Chewing gum is a type of confectionery which is designed to be chewed, not swallowed. Traditionally, it was made of chicle, a natural latex product, although for reasons of economy and quality many modern chewing gums use petroleum-based polymers instead of chicle. Chicle is nonetheless still the base of choice for some "upscale" gum brands, as well as some regional markets, such as in Japan.
|Composition and manufacture|
chewing gum is made of a "gum base" with added flavoring and sometimes food coloring . The exact composition of gum bases is usually a trade secret, but common ingredients can be latexes (eg. leche, caspi, sorva, nispero, tunu, jelutong, or chicle, which is still commercially produced), paraffin wax or beeswax, polyethylene, polyvinyl acetate, stearic acid, and various natural gums.
Old gum bases were based on latexes, vegetable gums like chicle, spruce gum, or mastic gum. Alternative choices were waxes, eg. paraffin wax and beeswax. Researchers at the University of Illinois at Urbana and at Wm. Wrigley Jr. Company are studying the possibility of making gum base with biodegradable zein (corn protein).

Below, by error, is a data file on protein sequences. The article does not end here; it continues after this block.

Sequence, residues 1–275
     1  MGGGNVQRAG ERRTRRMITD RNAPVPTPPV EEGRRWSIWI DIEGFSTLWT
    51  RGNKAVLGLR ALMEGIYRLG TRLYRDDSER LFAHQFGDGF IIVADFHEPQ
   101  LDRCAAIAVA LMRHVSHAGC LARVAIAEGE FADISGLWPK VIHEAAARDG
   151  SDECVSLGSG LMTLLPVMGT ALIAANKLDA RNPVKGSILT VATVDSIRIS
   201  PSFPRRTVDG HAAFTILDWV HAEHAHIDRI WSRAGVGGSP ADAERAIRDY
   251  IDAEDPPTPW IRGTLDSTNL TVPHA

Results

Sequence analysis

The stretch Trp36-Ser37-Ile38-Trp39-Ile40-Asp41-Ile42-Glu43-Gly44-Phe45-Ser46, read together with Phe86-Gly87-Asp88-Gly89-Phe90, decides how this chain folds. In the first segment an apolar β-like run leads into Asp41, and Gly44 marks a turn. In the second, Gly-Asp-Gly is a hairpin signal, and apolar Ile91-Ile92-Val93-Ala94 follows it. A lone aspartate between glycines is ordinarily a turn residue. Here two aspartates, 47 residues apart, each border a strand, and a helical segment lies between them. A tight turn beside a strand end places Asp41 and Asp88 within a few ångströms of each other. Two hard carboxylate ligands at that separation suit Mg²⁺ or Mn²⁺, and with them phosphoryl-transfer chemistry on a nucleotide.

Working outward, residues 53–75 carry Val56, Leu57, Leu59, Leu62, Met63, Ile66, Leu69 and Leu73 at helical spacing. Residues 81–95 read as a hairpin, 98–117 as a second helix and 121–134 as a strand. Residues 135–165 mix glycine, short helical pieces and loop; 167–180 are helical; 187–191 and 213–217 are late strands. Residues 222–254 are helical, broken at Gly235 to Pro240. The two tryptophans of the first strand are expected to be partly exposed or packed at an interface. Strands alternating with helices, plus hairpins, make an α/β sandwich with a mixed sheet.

The approximate manufacturing methods are fairly constant between brands. The gum base is melted at a temperature of about 115°C (240°F), until it has the viscosity of thick maple syrup, and filtered through a fine mesh screen. Then it is further refined by separating dissolved particulars in a centrifuge, and further filtered. Clear base, still hot and melted, is then put into mixing vats. Other ingredients that may be added include: powdered sugar, whose amount and grain size determines the brittleness of the result, corn syrup and/or glucose which serve as humectants, coat the sugar particles and stabilize their suspension, and keep the gum flexible, various softeners, food colorings, flavorings, preservatives and other additives.
The homogenized mixture is then poured onto cooling belts, and cooled with cold air. Extrusion, optionally rolling and cutting, and other mechanical shaping operations follow. The chunks of gum are then put aside to set for 24 to 48 hours.
Coated chewing gums then undergo other operations. The chunks are wrapped with optional undercoating for better binding with outer layers and then immersed into liquid sugar. The pellets are then colored and coated with a suitable glazing agent, usually a wax.
Non-coated varieties are covered in sweetened marble dust to prevent the wrapper from sticking to the product.